The conversations each of us chooses to have can change the world. Or destroy it.
Every word we put out into this world, each question we choose not to ask, each conversation we choose not to have, or to have, but carelessly – each of these aggregates into a lifetime’s worth of impact.
Think of the sum average of MLK’s words. Gandhi’s words. Trump’s words. Hitler’s words. Words that created a better future humanity…or words that destroyed millions of human lives. When’s the last time you stopped to weigh the sum aggregate of all the words you’ve chosen to speak or to not speak, and the impact it has on humankind?
That’s why I want to explore how we can be more intentional about the words we choose, the conversations we choose to have, the questions we choose to ask…so that we can look back at the sum total of everything we’ve spoken into reality over our lifetimes, and be aware of whether we chose to change the world for the better, or not.
There are 3 parts to learning how to have conversations that can change the world. I’m calling them parts rather than steps because you don’t necessarily have to do these in order…though I won’t deny, there’s likely a lot less friction if you do them in order. But don’t feel you have to – I didn’t, and still somehow ended up here!
The first part is the conversations you have with yourself, 24 hours a day.
The second part is the conversations you have with your family, friends, and colleagues.
The third part is the conversations you have with humanity writ large.
Let’s start with Part 1 (and I’ll write about Part 2 & 3 in followup articles). The conversations you have with yourself. These are important because your thoughts create your own reality. And then your reality becomes the words you put into the world. And the words you say, shape the world around you.
The problem with our thoughts today is the amount of noise that owns our mindspace. The quality of our thoughts is not measured by the quantity of content we can jam into our minds in the shortest period of time. Consuming endless amounts of content through social, news, podcasts, or even books, without the utmost intention, can lead to an absolute deficit of the most powerful thoughts of all – your own.
There’s been a lot said on meditation (if you’re looking to explore, Thich Nhat Hanh, Deepak Chopra are some of my favorite spiritual teachers). Another is contemplation – the art of curating questions for you to have a conversation with yourself about. This is what I’ve loved most, because for me, one of the most powerful conversations I’ve cultivated has been the conversation I have with myself. As an extrovert, this was by no means something that came naturally to me. But in having a conversation with myself, I discovered that:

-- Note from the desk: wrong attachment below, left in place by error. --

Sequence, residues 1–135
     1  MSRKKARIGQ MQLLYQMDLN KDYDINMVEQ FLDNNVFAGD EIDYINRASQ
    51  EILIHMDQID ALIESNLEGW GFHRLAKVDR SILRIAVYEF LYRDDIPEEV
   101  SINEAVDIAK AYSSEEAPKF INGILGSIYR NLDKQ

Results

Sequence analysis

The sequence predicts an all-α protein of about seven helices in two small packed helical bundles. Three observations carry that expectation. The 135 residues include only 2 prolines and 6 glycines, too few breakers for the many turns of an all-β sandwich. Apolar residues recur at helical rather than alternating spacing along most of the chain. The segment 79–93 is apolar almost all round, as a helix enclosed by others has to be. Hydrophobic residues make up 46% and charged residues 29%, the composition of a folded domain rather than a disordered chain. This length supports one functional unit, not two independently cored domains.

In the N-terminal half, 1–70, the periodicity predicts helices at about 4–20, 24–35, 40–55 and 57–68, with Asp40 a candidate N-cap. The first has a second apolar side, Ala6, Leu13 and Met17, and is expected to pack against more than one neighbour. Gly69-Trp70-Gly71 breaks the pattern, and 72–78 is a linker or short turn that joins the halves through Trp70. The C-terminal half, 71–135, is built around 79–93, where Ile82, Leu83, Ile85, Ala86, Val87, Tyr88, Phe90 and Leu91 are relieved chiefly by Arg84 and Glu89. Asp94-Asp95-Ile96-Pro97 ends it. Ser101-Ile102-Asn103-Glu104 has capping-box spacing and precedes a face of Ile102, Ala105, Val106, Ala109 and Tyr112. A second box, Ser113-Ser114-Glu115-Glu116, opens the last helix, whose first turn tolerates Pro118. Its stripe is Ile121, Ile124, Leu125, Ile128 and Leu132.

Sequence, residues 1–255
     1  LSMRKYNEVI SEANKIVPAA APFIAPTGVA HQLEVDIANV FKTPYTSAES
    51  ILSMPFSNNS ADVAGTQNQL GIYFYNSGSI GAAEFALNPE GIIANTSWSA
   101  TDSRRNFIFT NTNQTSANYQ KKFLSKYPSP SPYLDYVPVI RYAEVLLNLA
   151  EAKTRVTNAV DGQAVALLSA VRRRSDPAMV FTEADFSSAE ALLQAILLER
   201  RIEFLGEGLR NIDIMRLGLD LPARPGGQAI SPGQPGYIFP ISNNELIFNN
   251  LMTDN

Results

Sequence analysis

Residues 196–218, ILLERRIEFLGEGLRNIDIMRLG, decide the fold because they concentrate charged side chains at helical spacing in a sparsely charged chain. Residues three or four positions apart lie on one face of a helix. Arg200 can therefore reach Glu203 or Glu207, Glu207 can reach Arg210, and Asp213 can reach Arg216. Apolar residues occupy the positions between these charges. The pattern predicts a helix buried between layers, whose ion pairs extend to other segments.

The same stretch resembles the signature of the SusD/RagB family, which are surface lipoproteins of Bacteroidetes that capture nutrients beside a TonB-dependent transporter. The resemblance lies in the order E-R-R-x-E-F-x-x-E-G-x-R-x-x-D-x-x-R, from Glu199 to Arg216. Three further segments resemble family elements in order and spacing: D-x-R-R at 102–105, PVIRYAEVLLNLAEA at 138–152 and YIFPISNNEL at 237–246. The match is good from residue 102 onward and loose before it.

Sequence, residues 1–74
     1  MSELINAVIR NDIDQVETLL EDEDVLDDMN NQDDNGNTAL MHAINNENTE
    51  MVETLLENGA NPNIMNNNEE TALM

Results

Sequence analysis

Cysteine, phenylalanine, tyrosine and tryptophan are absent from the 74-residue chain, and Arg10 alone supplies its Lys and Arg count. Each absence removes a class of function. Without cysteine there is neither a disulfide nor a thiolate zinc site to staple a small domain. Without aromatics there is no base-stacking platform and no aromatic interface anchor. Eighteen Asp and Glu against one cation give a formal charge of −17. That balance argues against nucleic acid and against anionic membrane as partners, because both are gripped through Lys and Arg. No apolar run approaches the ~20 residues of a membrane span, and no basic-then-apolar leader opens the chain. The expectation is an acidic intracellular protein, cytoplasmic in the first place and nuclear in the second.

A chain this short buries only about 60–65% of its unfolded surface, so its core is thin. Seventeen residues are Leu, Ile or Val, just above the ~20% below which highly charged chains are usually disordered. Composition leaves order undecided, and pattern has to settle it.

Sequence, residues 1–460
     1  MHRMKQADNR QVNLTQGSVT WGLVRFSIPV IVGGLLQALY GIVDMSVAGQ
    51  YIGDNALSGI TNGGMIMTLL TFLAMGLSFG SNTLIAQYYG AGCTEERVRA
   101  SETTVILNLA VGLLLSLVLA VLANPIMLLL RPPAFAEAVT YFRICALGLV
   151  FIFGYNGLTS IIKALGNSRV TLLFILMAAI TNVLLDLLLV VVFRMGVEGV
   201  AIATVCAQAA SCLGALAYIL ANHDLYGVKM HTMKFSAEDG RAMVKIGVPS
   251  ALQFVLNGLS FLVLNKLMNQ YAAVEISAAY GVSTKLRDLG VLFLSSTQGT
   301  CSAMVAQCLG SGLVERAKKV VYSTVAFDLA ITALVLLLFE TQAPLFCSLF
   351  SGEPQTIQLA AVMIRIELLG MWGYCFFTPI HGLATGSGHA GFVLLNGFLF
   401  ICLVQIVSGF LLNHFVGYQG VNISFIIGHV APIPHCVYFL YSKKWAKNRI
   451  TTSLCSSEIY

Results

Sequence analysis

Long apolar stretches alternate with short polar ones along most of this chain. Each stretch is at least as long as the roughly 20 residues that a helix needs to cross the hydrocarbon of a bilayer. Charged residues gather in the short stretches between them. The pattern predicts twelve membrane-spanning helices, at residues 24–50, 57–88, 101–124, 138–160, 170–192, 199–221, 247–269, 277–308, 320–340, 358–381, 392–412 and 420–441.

First, I had all the answers I was seeking externally, if I took the time to frame the right question to myself.
Second, society conditions us to believe that we are unwhole without a partner, hundreds of friends, and something to keep busy with every hour of the day – when the reality is, we are actually totally whole, in and of ourselves.
Third, the person I most trust in this world is me.
Fourth, the greatest love story of all, is the one that we never hear about – it’s your love story, with you.
And fifth, when you have a replenishable energy source that exists within you, how you approach others completely shifts. You can give from a place of not needing, not seeking, not wanting – but from a place of true intention.
The conversation that starts with YOU is where the conversations to change the world begins.
We know these people, the ones that seek to help others because it’s the right thing to do but they don’t really know why, to make a difference measured by number of lives impacted, to be significant and leave a legacy…all this comes from what happens when we try to change the world without having solid foundations in our core selves. I say this because I was like this ten years ago. There is an absolute night and day difference to the purity and intention we bring to changing the world when our selves are already complete and whole.
So, set a date night with yourself (and grab a contemplative bottle of wine or scotch, why not) to have some deep conversations with yourself. Here’s a tasting menu I’ve designed for you to start:
- What is the transformative conversation I want to have with myself?
- What are my values and am I living in accordance with them?
- What can I do to grow my capacity for love today / tomorrow?
- What can I do to better my health today / tomorrow?
- What can I do to practice courage today / tomorrow?
- What can I do to create a better future for humanity and our planet today / tomorrow?
- What do I want to create and bring into existence?
- What do I believe is a life worth living?
Here are 13 questions to answer before you die.
Here are 36 questions to help you live longer.
As always, message me to share questions & conversations worth having.